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Scott Smith: The life lessons learned from a career in horticulture

With gardening you collect ideas along the way but should you listen to other people or do your own thing? Scott Smith has his own opinions about this.

If you've ever fancied having a go at topiary, what is stopping you? Image: Shutterstock.
If you've ever fancied having a go at topiary, what is stopping you? Image: Shutterstock.

Today marks my 33rd year on this planet. Life really is a strange but wonderful gift.

We all have such different experiences garnered from moments fleeting yet memorable. OK I’ll admit I’m feeling a quite nostalgic.

Over the years I’ve learned many a valuable lesson from gardening and wider horticulture.

Some joyous, happy and fulfilling; others painful and crushing but no less important.

I’ll share a few here. Gardening related of course, I’m not going to try and teach my granny to suck eggs with life lessons from a young (ish) pup.

Grow things according to your own tastes.

Don’t be afraid to try

An ornamental stone at Kellie Castle in Fife always sticks in my mind. The first place I ever worked in gardening was the home of many firsts for me.

The aforementioned stone was emblazoned with the wise words “Fear not to sow for the birds”.

Even to this day it rings true. Fear of failure holds us back. To succeed we must try and if we fail then we learn from our mistakes.

Adapt to learn from the mistakes then succeed next time. All in all though, give that thing you’ve always wanted to grow or design a go. If you don’t you’ll never know what could have been.

Kellie Castle held many firsts for Scott.

Leave your comfort zone

Building on from above, we must push ourselves. If you play it safe and always do what you’re comfortable with then you never learn.

Maybe you’ve always wanted some lovely topiary in your garden. It’s hard to though right? So maybe just leave it.

If you do that though then nothing ventured, nothing gained. How about look up a topiary workshop to attend?

Get a book on it or an online tutorial. Grab your secateurs and shears. The first few won’t be great. So what? The next few will be better and before you know it, neighbours will envy that glorious peacock yew you’ve sculptured.

One quarter colour to three quarters green works well.

Visit places and steal ideas

Ideas tend not to come from divine inspiration nor in the middle of the night. If they do then you are truly creative.

Believe it or not, most people aren’t creative. Everyone thinks they are but they aren’t. When did you last paint a picture, compose a piece of music, or write a book?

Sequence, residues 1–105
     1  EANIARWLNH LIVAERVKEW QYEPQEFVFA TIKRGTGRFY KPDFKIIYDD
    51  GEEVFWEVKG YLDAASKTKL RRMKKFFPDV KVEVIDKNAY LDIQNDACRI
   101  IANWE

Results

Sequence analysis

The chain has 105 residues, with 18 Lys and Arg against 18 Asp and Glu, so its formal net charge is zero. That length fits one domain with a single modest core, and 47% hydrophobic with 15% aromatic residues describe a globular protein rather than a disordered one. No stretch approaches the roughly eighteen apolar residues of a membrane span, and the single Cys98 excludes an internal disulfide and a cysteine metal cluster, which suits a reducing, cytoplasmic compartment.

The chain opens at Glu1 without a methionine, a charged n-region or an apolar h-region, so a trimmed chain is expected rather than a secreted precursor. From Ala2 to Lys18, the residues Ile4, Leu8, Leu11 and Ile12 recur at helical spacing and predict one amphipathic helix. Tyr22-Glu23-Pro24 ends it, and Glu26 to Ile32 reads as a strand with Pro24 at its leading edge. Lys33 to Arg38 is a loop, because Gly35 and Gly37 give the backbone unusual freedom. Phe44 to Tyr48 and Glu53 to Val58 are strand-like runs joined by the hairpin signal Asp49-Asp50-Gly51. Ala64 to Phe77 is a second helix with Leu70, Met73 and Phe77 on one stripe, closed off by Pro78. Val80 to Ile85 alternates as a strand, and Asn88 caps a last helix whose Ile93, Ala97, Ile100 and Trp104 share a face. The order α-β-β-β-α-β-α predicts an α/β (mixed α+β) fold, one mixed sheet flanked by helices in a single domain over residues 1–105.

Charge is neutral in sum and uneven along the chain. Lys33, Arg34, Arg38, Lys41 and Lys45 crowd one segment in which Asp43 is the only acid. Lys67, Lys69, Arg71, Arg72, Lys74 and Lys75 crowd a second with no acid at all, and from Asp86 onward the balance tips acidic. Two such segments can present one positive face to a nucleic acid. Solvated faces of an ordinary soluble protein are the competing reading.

Don’t think I’m not having a go, I’ll the first to admit I’m not a creative. I have my moments but I’m a practical person rather than a dreamer.

As such I have had to admit to myself that other people can come up with better ideas and designs than me.

Visiting other gardens provides inspiration. Seeing certain layouts, plant groupings or combinations. They help add to the creativity bank. You can learn and adapt from these pieces of inspiration.

Visit gardens to gain inspiration.

Combining these into a cocktail of your own making can itself create an original piece all taken from various sources.

If you take the time to visit other gardens, read and watch other people’s gardening stories, and look back at history then you’ll be surprised how full your ideas bank becomes.

Do things your own way

I’ve been told how to cut hedges 50 different ways. One person does it this way which is 100% definitely the right and only way to do it.

The next person, same story different technique.

Truthfully though, always listen and take advice from others.

Being humble and listening can sometimes provide a nugget of information that changes the way you think or do things. The more you know then the more you grow.

A small urban garden might be just your cup of tea. Image: Shutterstock.

All said and done though, ultimately you must do things the way that works for you. Some people lift all their weeds out, others hoe and leave them on the surface.

I can tell you what I’d do but at the end of the day it’s your garden. I can offer advice and you can listen but do what works for you overall.

Ignore that person that definitely is right about their way to cut a hedge and insist you must do it the same. Small-minded individuals tend not to go far.

There are varying opinions on how to maintain a hedge. Image: Shutterstock.

Taste is personal

Do what you want. Gardening has fads, don’t follow them. What you think looks great might be someone else’s idea of hell.

The garden is just an outside room after all. It is an extension of the house, thereby an extension of you.

If you like gnomes then heck go for it. I can’t stomach them but hey it’s your garden so who cares what I like?

Taste is personal but you can learn from a simple design rule that a garden should be 75% green and 25% other colours.

Green of course coming from the lawn, hedges, leaves on shrubs. Other colours? Well that’s up to you!

Take care and happy gardening.

Gnomes aren’t to everyone’s taste, but that doesn’t mean you can’t have one if you want one. Image: Shutterstock.